Entry dated :: July 12, 1985
Kos, Turkey 
Jimmy Goldsmith's Takeover:
Aboard the SS Alpega

A unique form of social imprisonment is a yacht trip. Of course SS Alpega, which Jimmy Goldsmith had chartered to celebrate his impending takeover of Crown Zellebach, could not have been more comfortable. It was a 40 meter long motor launch. Suspended above its gleaming white deck were two Riva-style speedboats, equipped for every kind of water sports. Below the four staterooms had king-size beds, TVs and marble baths. So he would not lose touch with the outside world, and the negotiations with Crown Zellebach, Jimmy had paid an extra $100,000 to install a state-of-art satellite telephone system.

It was my first yacht trip. The other aboard was Jimmy Goldsmith, his girlfriend, Laure, an old friend of his from the Traveler's Club in Paris, Guy Bagno and his fiancee, Patricia, who is a TV presenter ("The Dan Rather of France," as Jimmy introduces her), and two young surprise guests, Natalie, a French runway model, and Anne-Marie, an American runway model. Jimmy had met them both just two weeks earlier at the offices of his newspaper, L' Express, where they had come to model bathing suits for its Swim issue. He invited them along on the theory that they would make the trip more interesting."

Natalie did in a way Jimmy could not anticipate. She began using his hi-tech satellite phone to call her answer machine in Paris so her poodle could hear her purring over it. Not only did that purring cost $80 a minute, but it crossed lines on satellite phone at a delicate time. While she was trying to get through to her dog on the phone on the bridge this Friday morning, Jimmy's lawyer, Joe Flom, called to say there was to be an emergency Board meeting of Crown Zellerbach in three minutes. Jimmy put it on speaker phone as operator took a roll call, and said, "Everyone present: proceed." To Jimmy's shock, the deal unraveled. CZ Chairman Donald Cresson made a motion to leave the poison pill in place. It passed. This meant if Jimmy bought more than the 20 percent of the stock, the company would flood the market with a new class of shares that would dilute the value of all the existing shares. The idea of this poison pill was to make it impossible for a raider like Jimmy to get bank financing.

Jimmy's face turned beet red. He told Cresson, "Do not mistake my gentle manner for weakness. If you look back over my record you will see that I have always done exactly what I said I would. I said I will buy your company. I will, poison pill or no poison pill."

Meanwhile, Natalie, in the radio room, finally got a dial tone, causing the whole satellite system to crash. Jimmy smashed the silent phone against the wall. The Greek Captain then announced that the satellite phone was "dead."

While Jimmy was pacing the deck in frustration, saying he was going to personally sue all the CZ directors and make Cresson return "the pacemaker in his heart he bought with company funds," I went to the radio room to see if I could restore the phone.

Natalie was still trying to get through to her dog. Figuring there was little to lose, I played around with the dials to re-position the aerial for the satellite phone. But there was something to lose: the ship's backup telecommunication, which, alas, I inadvertently disabled.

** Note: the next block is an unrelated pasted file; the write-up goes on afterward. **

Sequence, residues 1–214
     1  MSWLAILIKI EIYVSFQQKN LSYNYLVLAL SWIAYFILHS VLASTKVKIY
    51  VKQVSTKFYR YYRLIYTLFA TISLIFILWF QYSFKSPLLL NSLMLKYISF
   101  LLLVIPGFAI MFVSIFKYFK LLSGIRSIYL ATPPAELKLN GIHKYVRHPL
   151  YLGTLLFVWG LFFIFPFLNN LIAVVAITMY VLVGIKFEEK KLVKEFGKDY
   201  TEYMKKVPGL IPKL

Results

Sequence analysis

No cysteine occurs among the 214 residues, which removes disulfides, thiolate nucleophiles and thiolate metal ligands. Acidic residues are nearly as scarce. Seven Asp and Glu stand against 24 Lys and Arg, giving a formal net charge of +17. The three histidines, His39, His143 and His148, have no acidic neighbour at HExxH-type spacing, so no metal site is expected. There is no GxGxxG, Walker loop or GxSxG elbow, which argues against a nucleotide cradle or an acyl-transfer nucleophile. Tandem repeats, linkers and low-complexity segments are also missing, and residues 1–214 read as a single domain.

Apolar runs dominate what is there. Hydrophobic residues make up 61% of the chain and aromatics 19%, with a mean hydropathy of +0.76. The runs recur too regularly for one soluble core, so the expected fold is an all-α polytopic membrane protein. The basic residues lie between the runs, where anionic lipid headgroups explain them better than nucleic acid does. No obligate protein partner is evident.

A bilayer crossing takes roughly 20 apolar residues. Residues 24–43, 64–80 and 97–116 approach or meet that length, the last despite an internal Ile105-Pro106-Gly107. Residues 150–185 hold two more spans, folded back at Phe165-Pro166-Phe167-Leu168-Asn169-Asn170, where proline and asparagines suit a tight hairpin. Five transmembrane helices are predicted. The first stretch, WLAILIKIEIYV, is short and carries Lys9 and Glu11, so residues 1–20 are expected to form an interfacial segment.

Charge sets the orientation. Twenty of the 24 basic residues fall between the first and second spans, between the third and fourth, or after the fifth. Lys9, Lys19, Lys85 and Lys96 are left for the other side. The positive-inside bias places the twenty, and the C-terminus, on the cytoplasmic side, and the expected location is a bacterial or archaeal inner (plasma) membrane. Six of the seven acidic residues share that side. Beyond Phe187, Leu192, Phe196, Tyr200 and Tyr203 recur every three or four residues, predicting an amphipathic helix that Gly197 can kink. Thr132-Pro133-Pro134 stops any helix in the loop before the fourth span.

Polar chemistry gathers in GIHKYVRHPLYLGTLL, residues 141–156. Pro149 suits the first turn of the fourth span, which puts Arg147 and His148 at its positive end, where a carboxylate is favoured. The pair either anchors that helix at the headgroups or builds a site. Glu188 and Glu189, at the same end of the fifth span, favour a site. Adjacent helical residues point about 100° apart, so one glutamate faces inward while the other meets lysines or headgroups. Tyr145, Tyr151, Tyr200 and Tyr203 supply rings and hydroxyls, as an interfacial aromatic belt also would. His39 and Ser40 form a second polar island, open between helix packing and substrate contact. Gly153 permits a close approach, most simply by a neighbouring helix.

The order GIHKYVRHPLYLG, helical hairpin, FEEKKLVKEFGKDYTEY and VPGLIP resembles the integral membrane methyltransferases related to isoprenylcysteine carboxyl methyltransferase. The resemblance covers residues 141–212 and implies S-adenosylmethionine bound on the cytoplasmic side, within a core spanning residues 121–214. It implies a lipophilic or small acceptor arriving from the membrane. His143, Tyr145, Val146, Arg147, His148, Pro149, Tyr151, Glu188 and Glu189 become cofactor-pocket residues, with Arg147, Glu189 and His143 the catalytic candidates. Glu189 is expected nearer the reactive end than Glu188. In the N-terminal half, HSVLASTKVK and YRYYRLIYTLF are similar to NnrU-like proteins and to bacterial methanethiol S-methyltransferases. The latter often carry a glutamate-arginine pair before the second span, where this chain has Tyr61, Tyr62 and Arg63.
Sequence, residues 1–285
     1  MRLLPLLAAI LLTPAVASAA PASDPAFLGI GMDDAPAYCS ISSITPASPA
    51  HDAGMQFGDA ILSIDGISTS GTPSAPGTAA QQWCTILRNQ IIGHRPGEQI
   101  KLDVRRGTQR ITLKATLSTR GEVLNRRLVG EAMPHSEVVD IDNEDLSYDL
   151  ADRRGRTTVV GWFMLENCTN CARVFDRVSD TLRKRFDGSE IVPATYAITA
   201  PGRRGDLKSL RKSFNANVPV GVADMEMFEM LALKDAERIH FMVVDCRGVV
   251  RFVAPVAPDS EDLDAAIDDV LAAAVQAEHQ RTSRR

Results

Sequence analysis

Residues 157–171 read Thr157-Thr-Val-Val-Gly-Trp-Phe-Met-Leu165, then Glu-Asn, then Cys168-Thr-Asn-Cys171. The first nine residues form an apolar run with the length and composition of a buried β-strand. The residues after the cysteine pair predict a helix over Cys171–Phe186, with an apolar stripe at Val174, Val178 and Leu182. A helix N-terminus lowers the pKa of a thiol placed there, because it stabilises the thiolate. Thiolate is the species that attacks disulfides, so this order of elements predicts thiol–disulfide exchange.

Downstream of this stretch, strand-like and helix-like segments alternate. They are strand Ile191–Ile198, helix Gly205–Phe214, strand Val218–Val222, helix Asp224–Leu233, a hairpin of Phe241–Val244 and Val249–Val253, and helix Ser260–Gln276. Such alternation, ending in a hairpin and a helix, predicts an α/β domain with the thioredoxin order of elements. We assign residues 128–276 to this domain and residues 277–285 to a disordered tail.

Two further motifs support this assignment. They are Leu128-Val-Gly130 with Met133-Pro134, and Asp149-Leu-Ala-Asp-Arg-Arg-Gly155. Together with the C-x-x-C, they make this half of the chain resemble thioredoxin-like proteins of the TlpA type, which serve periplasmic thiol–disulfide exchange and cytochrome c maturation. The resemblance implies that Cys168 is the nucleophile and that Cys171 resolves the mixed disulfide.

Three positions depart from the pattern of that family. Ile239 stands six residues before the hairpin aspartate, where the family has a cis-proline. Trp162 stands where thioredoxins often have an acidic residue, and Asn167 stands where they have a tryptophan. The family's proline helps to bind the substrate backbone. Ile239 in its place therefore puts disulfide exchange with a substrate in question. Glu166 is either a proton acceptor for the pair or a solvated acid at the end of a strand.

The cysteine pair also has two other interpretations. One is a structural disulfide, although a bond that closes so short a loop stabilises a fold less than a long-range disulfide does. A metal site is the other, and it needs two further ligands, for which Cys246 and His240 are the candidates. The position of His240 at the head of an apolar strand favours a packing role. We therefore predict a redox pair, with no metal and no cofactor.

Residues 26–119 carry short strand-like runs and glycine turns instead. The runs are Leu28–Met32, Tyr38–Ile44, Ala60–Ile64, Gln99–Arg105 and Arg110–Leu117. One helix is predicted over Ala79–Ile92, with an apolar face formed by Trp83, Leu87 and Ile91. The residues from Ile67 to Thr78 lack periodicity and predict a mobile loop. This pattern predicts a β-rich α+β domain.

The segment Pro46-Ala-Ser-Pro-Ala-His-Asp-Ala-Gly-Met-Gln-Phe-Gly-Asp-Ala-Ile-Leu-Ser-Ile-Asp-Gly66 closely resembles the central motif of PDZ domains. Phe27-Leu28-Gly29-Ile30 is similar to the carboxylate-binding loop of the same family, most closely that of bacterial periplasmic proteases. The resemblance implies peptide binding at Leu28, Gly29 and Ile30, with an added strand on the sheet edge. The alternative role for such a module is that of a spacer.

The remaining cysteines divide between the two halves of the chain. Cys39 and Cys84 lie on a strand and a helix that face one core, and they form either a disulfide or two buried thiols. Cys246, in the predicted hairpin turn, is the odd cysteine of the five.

While I was tinkering with the electronics, Jimmy found a solution (which is why he is a billionaire.) He ordered the Captain to change course and head for the nearest town with a phone booth. So we raced to Kos.

Kos, up to 10 years ago, was accessible only by sea. According to my guide book, it has rarely visited Lydian tombs, a Roman amphitheater and a ruined fortress. We sped in the Riva launch into the small harbor full of caiques, fishing nets and Turkish men, strolling hand in hand.

As the captain promised, there was an empty phone booth right on the pier. But the Turkish strollers laughed, it is "Bazook, Bazook," which means doubly broken. It turned out that the only working phone was at the post office, next to the Café Lokanta. The problem here was that there was a queue of 12 French doctors, off some sailing holiday caique, waiting to use the single automatic pay phone. But Jimmy, being half French, knew how to deal with a French queue. He sent Laure back to the yacht for a case of Piper Heisek champagne, and offered each French doctor a bottle for his place in line. They were more than happy to accommodate.

But on calling his office in New York, he discovered yet another problem. The tokens, which we bought at the café, took so long to register, than all the time was used up before he could complete a sentence. Always flexible, Jimmy called his office in London, which required less tokens, and managed to get through. He owned 4 million shares of CZ, and now aimed to buy a majority on the open market, even though it would trigger the CZ poison pill. "This is war," he said, when he finished the call. "They will choke on their stupid poison pill."

Jimmy was suddenly in an elated mood. He loved Kos because, aside from the French doctors, there were no tourists. We had dinner in the souk. He recalled that when his young son Ben asked what he did in America, he answered "I'm a pirate." With his yacht dominating the small port, and the now drunk French doctors now toasting him with his champagne, it was a role he savored.

This is a totally commerce-free site.
No charges, no advertising.
The webmistress June Eng can be reached at june@jooon.com